All of those now living in lockdown conditions have had to adapt their lives to some degree.
Part of this process has resulted in the need to buy products which they previously had no interest in whatsoever.
Take the bidet, for example. According to figures from trend analysts Glimpse there has been a 379 percent increase in the U.S. in online interest for the bathroom fixture over the 30 days up to March 31.
The share of people looking into this product with the genuine intention of buying one compared to those who wanted to find out what on earth a bidet is, remains unclear. That said, Glimpse says its ‘interest’ levels are gauged via “hundreds of millions of consumer behavior signals from across the web”.
Looking at the other products selected here with significant increases in interest, a clear focus on keeping fit and healthy while stuck within the confines of our homes can be seen, with a massive 725 percent increase for Dumbells and 532 percent for vitamin C gummies. A laptop mouse combined with an external monitor will also be very handy for those lucky enough to be able to work from home during the crisis.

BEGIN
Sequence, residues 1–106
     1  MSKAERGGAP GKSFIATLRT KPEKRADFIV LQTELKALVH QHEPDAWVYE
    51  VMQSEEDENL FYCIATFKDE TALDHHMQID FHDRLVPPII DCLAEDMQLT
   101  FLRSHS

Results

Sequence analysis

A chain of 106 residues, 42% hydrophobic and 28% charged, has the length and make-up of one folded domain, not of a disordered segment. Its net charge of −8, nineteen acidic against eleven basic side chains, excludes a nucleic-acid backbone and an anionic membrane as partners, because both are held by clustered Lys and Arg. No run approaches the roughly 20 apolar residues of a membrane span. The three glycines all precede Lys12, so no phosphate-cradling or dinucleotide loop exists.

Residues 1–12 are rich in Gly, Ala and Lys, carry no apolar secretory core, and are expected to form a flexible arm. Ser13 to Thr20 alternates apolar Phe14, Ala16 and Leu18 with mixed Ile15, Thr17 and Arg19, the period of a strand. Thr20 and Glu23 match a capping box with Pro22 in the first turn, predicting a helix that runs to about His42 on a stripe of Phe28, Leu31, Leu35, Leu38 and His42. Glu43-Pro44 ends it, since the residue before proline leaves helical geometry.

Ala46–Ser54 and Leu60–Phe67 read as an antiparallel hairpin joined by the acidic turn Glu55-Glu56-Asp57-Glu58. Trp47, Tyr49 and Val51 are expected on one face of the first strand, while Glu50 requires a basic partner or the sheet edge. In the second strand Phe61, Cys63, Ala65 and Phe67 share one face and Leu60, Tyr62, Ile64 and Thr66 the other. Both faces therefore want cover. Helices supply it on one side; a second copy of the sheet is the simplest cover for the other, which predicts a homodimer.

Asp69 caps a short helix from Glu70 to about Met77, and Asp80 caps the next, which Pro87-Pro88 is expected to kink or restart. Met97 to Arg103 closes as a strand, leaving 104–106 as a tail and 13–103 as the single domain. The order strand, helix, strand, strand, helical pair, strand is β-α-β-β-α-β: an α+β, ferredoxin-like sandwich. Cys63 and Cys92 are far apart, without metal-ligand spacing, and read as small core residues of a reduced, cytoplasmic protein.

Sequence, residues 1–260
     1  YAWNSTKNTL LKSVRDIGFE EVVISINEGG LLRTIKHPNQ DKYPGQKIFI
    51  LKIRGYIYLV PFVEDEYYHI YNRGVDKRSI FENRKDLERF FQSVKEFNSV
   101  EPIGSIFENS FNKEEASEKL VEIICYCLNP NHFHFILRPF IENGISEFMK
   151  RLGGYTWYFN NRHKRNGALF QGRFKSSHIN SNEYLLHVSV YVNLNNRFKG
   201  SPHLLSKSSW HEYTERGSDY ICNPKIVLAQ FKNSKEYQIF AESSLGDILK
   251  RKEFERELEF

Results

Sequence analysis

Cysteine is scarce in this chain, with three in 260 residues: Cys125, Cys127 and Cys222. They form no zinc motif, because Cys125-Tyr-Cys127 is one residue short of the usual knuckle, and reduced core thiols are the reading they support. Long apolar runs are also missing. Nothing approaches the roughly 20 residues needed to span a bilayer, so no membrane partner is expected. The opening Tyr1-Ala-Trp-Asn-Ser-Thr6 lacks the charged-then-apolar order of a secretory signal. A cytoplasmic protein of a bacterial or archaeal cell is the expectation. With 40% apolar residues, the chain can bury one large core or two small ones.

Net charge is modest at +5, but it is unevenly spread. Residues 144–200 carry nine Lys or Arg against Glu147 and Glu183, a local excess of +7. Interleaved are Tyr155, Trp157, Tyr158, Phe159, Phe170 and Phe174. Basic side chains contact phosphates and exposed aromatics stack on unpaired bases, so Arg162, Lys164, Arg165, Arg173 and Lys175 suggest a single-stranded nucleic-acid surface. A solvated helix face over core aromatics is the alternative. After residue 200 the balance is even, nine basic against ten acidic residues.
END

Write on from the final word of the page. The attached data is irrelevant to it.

You may notice that bidet score pretty well. No wonder then, that bidet startup Tushy is scaling up to meet demand amid toilet paper shortage.
“Right now my goal is to just make sure we can meet the 10x demand we’ve been getting“, Tushy CEO Jason Ojalvo told TechCrunch just a few days ago.
While the circumstances that led to the boom are sobering, the bidet company needed to adapt its strategy after seeing an uptick in business amid the COVID-19 pandemic.
Other companies in this cohort include video conferencing service Zoom, meal kit service Blue Apron and Facebook, thanks to its social network, video hardware Portal and Oculus Quest VR headset. These companies all have something in common — they offer solutions to problems that, until recently, were not all that urgent.
Founded in 2015 by Thinx founder Miki Agrawal, Tushy aims to replace toilet paper, CEO Jason Ojalvo tells TechCrunch. Ojalvo, who joined the company as CEO in 2018, says North America has been a holdout when it comes to bidets. As a result, the nation flushes about 15 million trees down the toilet every year.
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